posed by Edge.org.  Each year Edge.org asks dozens of intellectuals, mostly of a secular
bent, to answer a very broad, probing questions.  The 2016 question is: “
”   Randall’s response is a bit different from most.  
In this time of rapid scientific discoveries when something significant seems to happen
every month if not every week, true importance is not necessarily measured by the impact on science
proper but on how an idea slips into the broader culture.  These ideas have staying power.  With that in
mind, she identifies a number of discoveries that she thinks will stay current in the coming years.  For those
who participate in the science and religion discussion, these may well become the focus on where science
and religion discussions meet in the next few years.  You can read the article

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Why America’s ‘nones’ left religion behind by Michael Lipka

“Perhaps the most striking trend in American religion in recent years has been the growing percentage of
adults who do not identify with a religious group. And the vast majority of these religious “nones” (78%)
say they were raised as a member of a particular religion before shedding their religious identity in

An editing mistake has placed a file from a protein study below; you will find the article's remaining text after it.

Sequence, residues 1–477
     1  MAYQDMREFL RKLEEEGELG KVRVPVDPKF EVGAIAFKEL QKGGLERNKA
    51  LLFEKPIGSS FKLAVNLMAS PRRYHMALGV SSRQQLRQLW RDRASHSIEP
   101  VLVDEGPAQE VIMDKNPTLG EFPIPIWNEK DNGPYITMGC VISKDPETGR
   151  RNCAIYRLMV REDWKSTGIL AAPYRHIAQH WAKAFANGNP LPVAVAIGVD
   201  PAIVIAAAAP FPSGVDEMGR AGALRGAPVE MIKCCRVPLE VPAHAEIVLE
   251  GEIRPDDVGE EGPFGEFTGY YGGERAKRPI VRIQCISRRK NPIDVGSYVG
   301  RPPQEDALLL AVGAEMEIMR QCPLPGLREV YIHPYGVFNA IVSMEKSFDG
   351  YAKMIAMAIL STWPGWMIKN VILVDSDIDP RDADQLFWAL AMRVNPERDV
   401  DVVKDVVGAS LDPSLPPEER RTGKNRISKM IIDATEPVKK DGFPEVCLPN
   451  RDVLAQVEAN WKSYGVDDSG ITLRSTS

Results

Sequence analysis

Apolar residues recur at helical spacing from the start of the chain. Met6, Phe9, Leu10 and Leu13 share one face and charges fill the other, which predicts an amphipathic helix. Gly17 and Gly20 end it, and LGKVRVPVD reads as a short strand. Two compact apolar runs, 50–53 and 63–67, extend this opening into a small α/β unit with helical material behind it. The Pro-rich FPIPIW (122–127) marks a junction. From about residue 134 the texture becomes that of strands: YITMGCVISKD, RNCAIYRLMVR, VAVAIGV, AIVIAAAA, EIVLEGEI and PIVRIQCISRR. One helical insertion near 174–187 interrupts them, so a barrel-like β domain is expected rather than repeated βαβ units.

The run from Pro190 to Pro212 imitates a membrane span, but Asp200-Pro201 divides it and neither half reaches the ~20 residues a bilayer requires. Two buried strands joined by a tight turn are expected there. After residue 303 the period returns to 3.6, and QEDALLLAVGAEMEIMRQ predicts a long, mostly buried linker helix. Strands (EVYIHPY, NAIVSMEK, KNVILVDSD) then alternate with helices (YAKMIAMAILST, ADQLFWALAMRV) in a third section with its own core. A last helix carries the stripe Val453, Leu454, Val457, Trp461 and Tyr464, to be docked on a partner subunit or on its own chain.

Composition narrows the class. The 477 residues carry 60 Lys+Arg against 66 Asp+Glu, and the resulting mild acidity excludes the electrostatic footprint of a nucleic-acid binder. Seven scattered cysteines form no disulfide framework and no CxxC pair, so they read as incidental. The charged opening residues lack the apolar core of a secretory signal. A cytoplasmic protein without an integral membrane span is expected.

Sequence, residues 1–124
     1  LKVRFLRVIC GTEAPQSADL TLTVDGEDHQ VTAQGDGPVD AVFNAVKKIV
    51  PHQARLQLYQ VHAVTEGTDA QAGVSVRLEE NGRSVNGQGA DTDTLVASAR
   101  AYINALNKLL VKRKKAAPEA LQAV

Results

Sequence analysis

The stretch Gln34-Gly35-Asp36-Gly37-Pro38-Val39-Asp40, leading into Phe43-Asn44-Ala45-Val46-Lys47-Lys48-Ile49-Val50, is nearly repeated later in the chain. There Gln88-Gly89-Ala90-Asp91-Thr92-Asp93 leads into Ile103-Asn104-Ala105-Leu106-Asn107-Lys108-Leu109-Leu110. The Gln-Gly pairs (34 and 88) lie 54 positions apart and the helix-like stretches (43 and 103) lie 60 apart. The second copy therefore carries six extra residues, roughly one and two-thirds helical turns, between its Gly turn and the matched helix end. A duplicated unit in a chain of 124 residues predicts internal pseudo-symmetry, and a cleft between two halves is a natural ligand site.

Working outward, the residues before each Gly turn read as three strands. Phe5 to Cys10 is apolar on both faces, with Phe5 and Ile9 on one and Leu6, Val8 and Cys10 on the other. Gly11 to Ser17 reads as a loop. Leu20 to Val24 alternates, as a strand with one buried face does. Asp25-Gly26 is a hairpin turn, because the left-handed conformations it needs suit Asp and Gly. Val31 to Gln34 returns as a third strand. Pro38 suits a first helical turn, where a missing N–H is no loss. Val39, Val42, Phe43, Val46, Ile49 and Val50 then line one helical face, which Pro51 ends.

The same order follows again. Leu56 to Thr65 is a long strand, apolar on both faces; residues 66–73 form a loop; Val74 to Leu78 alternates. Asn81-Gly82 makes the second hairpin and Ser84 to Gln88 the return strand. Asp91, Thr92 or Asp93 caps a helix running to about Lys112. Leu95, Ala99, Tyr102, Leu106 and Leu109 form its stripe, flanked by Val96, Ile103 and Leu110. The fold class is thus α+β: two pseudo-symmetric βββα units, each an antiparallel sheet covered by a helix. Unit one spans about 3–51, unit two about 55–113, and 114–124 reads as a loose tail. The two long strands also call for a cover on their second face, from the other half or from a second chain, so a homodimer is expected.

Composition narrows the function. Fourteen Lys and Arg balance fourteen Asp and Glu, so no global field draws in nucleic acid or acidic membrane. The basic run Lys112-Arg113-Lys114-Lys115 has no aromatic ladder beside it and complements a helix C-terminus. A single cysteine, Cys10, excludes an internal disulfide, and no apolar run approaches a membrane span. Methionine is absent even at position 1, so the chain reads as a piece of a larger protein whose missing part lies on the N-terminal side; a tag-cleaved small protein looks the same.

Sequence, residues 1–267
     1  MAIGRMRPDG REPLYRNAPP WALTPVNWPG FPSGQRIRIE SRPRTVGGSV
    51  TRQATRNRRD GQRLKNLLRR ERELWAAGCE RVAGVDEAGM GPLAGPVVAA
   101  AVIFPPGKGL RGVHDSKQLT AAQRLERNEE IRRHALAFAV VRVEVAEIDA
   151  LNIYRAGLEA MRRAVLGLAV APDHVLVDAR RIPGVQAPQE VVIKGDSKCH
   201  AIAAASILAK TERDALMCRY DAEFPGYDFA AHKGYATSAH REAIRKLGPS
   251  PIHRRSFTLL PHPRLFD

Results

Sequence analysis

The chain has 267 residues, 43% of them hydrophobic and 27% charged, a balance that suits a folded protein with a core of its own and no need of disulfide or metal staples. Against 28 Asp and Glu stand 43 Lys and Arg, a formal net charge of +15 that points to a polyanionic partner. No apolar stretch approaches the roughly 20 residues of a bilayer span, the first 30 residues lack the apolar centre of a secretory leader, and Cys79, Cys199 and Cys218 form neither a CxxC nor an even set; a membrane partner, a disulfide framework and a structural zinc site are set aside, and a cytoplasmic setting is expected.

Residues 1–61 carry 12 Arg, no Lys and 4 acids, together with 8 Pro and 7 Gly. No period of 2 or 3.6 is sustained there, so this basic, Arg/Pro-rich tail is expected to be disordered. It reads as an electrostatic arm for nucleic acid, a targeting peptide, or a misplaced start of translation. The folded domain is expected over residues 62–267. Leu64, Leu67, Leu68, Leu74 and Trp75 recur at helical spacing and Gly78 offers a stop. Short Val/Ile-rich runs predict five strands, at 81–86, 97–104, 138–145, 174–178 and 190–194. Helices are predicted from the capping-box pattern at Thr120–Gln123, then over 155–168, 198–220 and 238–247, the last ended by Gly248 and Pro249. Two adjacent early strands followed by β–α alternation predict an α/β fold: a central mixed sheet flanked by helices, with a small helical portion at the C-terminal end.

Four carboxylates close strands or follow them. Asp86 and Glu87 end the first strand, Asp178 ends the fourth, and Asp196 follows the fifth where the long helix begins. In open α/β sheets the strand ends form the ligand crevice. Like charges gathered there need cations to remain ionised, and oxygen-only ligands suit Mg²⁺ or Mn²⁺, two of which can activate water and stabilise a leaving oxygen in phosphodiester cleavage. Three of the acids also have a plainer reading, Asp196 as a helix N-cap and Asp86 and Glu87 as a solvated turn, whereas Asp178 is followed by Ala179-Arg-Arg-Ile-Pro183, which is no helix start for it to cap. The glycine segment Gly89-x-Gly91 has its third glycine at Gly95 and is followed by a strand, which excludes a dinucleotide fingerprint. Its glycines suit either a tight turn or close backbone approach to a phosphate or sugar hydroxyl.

You can read the full article

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Wesley's Notes on Micah 6:8

[8] He hath shewed thee, O man, what is good; and what doth the LORD require of thee, but to do justly,
and to love mercy, and to walk humbly with thy God?
He — God hath already told you in his word, with what you ought to come before him.
To do justly — To render to every one their due, superiors, equals, inferiors, to be equal to all, and
oppress none, in body, goods or name; in all your dealings with men carry a chancery in your own beasts,
and do according to equity.
To love mercy — To be kind, merciful and compassionate to all, not using severity towards any.
Walk humbly with thy God — Keep up a constant fellowship with God, by humble, holy faith.

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Love in All Things by Scott Fulton, Words by Rick Barr

This is a time of thanksgiving and gratitude for the many blessings found in life.  The link below plays a
song written nearly twenty years ago in response to the simple Wesleyan admonition to treat all with charity
and live with gratitude.    

Bless you all and happy Thanksgiving.  

Love in All Things can be found here.  
November 24, 2016